Sensory Organ Discovered in Jaws of Rorqual Whales

Blue whale study done by Richard Ellis, in preparation for Jacobs Gallery mural. The distinctive throat pleats of all rorquals are clearly visible in this image. From NBWM collections, 2000.10.

Another exciting discovery has been made by cetacean biologists, this time in one of the four Families of the suborder Mysticeti (baleen whales).  The Balaenopteridae are also called rorquals, a reference to the throat pleats that run from chin to the middle of their bodies.  The term rorqual is based on the Norwegian word royrkval, which means ‘furrowed whale’.

Rorquals are the largest family of baleen whales, consisting of nine species, including the blue and humpback, which are represented in our Jacobs Family Gallery, and the fin and minke, which are commonly seen during whale watch tours in Massachusetts waters.  They all feed by gulping large amounts of water into their expandable throats and then forcing that water through their 500-800 plates of baleen back into the ocean. The animals that are left behind, typically krill or small fish, then get swallowed. This process is also known as lunge feeding. It requires an incredible amount of muscle power, since the whales are working against immense volumes of water. We all know how hard it is to run through water. Imagine trying to swim through it with your mouth open, a mouth that takes up 20% of your body length.

Several articles published on Wednesday, including this one, explain how the newly discovered sensory organ, located between the tips of the mandibles, regulates the feeding process.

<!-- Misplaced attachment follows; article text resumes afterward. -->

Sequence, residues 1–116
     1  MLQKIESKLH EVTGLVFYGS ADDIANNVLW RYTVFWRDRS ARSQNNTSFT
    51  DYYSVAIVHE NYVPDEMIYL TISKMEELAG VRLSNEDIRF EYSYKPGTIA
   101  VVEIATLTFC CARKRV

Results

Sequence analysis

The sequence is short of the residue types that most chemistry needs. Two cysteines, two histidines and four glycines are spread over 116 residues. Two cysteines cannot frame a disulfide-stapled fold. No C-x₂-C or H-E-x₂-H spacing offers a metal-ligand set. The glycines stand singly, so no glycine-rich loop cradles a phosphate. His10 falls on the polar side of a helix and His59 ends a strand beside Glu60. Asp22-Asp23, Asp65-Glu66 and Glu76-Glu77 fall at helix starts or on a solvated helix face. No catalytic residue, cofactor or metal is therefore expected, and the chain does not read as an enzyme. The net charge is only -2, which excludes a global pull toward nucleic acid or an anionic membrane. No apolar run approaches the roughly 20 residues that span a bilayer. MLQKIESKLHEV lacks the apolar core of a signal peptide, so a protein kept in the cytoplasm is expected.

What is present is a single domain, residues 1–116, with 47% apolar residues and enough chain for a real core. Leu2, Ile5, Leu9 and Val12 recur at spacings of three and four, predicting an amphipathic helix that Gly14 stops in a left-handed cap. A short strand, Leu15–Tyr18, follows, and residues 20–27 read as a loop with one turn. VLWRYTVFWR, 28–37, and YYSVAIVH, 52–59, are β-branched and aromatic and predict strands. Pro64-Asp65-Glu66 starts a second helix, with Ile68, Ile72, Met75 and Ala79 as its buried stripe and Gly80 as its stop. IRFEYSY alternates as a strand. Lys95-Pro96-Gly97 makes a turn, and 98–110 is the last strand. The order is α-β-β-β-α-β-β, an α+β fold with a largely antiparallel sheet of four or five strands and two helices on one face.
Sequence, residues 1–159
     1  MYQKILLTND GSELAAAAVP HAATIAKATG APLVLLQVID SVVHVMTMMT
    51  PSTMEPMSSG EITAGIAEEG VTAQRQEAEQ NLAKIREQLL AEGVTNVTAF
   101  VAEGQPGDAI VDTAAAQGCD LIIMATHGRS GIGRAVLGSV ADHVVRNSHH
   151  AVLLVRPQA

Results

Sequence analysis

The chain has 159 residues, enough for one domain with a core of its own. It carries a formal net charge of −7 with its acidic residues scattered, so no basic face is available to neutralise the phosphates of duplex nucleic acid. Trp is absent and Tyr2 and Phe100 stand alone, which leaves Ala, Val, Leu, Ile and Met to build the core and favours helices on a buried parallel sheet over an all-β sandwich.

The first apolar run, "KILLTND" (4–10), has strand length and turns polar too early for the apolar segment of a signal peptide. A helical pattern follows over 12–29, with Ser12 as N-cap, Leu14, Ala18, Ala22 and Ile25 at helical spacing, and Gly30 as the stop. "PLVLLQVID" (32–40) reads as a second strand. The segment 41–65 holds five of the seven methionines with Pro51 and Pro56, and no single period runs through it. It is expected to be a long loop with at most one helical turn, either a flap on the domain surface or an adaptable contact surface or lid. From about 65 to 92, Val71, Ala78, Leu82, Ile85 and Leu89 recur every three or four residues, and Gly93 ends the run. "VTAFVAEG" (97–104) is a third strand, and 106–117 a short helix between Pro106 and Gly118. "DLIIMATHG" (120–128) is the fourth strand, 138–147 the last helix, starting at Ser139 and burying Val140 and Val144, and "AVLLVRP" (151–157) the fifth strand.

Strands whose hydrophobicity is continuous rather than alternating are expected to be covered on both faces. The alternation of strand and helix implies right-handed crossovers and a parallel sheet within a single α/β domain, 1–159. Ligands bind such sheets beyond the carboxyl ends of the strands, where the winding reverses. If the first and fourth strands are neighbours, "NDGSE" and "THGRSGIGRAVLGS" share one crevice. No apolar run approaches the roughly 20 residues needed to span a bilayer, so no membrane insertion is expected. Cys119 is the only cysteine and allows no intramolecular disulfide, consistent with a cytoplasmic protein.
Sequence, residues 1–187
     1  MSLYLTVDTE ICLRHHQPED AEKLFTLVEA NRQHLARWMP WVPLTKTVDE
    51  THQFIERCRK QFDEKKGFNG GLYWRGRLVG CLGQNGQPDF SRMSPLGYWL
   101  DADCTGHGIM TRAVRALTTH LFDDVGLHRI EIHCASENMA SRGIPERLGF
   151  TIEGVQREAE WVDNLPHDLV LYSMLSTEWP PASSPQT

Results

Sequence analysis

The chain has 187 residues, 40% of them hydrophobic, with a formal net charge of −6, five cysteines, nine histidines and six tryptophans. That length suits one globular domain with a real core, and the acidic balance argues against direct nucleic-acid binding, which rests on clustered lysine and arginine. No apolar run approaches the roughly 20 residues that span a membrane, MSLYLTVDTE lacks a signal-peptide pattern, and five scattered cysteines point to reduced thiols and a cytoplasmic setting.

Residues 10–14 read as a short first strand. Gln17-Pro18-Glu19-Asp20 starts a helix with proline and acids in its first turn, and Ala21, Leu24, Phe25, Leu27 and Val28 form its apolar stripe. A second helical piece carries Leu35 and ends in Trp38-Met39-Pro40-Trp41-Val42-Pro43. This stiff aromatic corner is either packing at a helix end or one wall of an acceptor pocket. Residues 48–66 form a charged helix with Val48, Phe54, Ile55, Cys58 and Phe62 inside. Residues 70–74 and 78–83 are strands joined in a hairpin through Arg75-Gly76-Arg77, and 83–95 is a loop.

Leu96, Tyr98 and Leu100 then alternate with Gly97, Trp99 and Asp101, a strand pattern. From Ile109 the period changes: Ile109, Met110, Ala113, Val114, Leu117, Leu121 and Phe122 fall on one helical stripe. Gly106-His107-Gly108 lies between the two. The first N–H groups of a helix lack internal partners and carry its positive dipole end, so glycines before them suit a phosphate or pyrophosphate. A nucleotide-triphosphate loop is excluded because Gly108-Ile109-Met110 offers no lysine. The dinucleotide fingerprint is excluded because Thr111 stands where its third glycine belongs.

The actual scientific paper that reports the discovery was published yesterday in the journal Nature. For those who want a more scientific explanation, the abstract from that paper, authored by the Smithsonian’s Nick Pyenson, and several others, can be viewed here.  Mr. Pyenson was one of the people summoned to the Atacama Region of Chile last year when a highway project unearthed dozens of fossil whale skeletons, and they had to be removed and taken away quickly.

The next time you’re at the New Bedford Whaling Museum, in the Jacobs Family Gallery, take a look at the lower jaws of the blue and humpback whale skeletons. You’ll notice that the lower jaws, unlike toothed whales or humans, are not connected at the tip (symphysis). In between those mandibles would be the organ described in the article. If you look at the North Atlantic Right Whale you’ll notice the same lack of fusing between mandibles. However, since right whales are not rorquals (they don’t have throat pleats) they would not have this sensory organ.

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